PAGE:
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Apple is raising its app store prices by about 33.6 percent

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January 19, 2017

Two days ago, Apple has confirmed to app developers that it's hiking its app store costs by about 33.6 percent.

The company said the reason of its decision is to counter any downward currency swings in the British pound since the Brexit vote in June 2016.

“When calculating foreign exchange rates, we sometimes need to update prices on the App Store. Price for app and in-app purchases (excluding subscriptions) will increase in India, Turkey, and Britain” the letter to the app developers stated.

The price boost in India and Turkey is related to a service tax rate change, said Apple, but in Britain the reason is the drop in the local currency, which yesterday fell against the US dollar to a 31-year low of $1.20 to £1.

British prime minister Theresa May outlined the sort of Brexit the people of Britain can expect-- hard but with a soft centre.

Given the general state of uncertainty in the country, the British pound could depreciate further soon, but the people at Apple have spared consumers those worries by stretching its price rise early to meet that possible outcome.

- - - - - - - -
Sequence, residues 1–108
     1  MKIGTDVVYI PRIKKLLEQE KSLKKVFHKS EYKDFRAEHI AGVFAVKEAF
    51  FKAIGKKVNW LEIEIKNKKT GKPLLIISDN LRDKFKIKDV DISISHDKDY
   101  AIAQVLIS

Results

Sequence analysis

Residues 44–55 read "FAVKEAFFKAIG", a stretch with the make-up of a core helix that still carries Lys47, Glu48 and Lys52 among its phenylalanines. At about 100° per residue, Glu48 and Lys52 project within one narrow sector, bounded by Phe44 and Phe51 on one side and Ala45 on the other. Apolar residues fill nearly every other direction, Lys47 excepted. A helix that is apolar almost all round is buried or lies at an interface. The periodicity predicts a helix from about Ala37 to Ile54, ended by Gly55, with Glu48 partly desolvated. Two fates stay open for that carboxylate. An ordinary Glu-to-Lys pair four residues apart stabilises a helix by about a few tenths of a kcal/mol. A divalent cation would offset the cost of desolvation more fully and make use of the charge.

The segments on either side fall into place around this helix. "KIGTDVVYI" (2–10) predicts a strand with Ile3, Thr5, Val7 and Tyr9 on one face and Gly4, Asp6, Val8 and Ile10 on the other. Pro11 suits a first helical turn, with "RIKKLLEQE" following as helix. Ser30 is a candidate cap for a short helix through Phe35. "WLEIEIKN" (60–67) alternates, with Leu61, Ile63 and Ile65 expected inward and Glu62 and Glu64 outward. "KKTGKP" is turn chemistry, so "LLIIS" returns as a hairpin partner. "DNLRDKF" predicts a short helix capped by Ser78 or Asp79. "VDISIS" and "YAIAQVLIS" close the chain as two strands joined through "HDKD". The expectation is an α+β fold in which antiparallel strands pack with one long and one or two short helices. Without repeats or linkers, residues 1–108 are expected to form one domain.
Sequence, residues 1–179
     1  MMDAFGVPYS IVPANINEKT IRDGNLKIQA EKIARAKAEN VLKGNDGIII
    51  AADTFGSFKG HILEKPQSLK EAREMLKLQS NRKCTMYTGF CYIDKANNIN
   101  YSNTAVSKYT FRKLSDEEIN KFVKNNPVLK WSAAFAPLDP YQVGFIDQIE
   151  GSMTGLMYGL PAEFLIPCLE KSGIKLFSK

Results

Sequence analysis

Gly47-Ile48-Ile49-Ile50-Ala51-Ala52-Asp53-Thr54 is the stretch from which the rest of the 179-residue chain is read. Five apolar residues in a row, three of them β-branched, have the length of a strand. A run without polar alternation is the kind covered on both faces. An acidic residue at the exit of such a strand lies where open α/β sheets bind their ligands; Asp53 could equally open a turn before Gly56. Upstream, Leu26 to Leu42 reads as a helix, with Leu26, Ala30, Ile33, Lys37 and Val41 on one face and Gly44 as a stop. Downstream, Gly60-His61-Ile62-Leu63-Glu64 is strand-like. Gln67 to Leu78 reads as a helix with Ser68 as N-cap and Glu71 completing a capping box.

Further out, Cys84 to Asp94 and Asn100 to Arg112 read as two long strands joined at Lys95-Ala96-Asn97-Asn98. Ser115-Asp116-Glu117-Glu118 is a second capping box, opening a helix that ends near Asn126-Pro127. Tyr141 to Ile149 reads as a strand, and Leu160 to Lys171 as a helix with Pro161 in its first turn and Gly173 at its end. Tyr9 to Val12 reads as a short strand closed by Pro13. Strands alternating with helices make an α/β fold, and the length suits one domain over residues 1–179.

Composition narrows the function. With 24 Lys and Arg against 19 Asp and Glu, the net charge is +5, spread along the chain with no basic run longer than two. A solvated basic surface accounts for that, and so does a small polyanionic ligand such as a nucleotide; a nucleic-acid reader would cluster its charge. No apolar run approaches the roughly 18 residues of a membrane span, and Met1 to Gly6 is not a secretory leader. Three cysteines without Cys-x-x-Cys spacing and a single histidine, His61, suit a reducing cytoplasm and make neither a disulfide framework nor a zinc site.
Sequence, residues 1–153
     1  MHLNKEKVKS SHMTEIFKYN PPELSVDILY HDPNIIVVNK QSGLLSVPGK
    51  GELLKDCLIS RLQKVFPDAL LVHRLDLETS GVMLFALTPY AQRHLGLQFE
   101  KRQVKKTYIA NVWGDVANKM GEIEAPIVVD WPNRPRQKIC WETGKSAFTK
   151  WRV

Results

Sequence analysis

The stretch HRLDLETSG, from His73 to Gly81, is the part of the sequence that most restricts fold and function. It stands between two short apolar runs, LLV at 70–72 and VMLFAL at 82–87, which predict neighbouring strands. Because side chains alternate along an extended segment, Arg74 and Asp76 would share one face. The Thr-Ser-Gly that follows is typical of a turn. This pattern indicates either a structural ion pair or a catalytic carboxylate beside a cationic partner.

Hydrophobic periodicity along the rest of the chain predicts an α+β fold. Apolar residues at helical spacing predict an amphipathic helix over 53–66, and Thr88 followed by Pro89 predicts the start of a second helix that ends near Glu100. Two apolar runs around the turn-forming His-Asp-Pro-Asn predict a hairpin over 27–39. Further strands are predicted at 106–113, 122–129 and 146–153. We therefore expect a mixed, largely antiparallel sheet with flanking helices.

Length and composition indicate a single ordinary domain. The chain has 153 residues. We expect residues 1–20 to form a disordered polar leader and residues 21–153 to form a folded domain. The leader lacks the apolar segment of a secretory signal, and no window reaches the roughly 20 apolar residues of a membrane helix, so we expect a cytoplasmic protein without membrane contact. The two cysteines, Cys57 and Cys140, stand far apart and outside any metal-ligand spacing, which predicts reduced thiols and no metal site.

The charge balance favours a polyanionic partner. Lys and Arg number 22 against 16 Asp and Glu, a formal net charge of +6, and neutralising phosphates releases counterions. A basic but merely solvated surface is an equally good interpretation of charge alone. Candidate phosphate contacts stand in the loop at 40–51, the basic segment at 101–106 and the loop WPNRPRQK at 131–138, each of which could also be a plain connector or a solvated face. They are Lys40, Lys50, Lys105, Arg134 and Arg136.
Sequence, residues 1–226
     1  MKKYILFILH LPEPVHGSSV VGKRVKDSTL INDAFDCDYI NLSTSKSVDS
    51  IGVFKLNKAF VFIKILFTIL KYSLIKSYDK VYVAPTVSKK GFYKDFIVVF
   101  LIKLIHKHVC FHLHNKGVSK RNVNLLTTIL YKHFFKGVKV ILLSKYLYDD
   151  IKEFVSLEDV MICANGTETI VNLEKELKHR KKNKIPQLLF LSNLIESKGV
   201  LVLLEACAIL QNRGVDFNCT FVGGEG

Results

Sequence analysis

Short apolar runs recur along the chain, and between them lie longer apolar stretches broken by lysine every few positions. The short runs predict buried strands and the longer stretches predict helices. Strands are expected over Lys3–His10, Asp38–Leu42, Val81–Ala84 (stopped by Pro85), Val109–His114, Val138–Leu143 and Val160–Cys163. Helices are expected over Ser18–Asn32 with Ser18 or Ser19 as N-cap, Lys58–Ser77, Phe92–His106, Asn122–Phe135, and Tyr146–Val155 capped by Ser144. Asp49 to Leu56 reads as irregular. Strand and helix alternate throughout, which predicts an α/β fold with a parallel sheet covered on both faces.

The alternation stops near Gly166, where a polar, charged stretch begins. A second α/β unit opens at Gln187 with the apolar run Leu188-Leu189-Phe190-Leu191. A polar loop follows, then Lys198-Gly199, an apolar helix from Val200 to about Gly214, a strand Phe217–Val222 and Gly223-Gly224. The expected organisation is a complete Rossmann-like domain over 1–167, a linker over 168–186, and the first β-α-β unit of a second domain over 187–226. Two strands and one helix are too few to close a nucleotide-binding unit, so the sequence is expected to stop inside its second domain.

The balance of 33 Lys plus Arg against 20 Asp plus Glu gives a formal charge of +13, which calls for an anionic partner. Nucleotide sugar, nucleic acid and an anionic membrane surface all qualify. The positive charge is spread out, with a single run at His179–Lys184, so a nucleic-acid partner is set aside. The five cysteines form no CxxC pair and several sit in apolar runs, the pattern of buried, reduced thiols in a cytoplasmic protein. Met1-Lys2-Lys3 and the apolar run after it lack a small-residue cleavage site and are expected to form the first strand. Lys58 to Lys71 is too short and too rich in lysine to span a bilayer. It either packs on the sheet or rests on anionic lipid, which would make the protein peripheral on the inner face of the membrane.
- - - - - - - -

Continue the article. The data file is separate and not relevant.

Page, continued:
Apple said in a statement: “Price tiers on the App Store are set internationally on the basis of several factors, including currency exchange rates, business practices, taxes, and the general cost of doing business. These factors vary from region to region and over time."

In the recent past, Apple increased the price of computers by about 20 percent in October, and right across the IT industry, companies from Dell to HP, Lenovo, Asus and Microsoft have also reacted to the currency movement. It will be interesting to see in 2017 what the outcome of the British pound will hold in store for consumers after President-elect Donald Trump takes over the Whitehouse beginning tomorrow.

Source: Apple.


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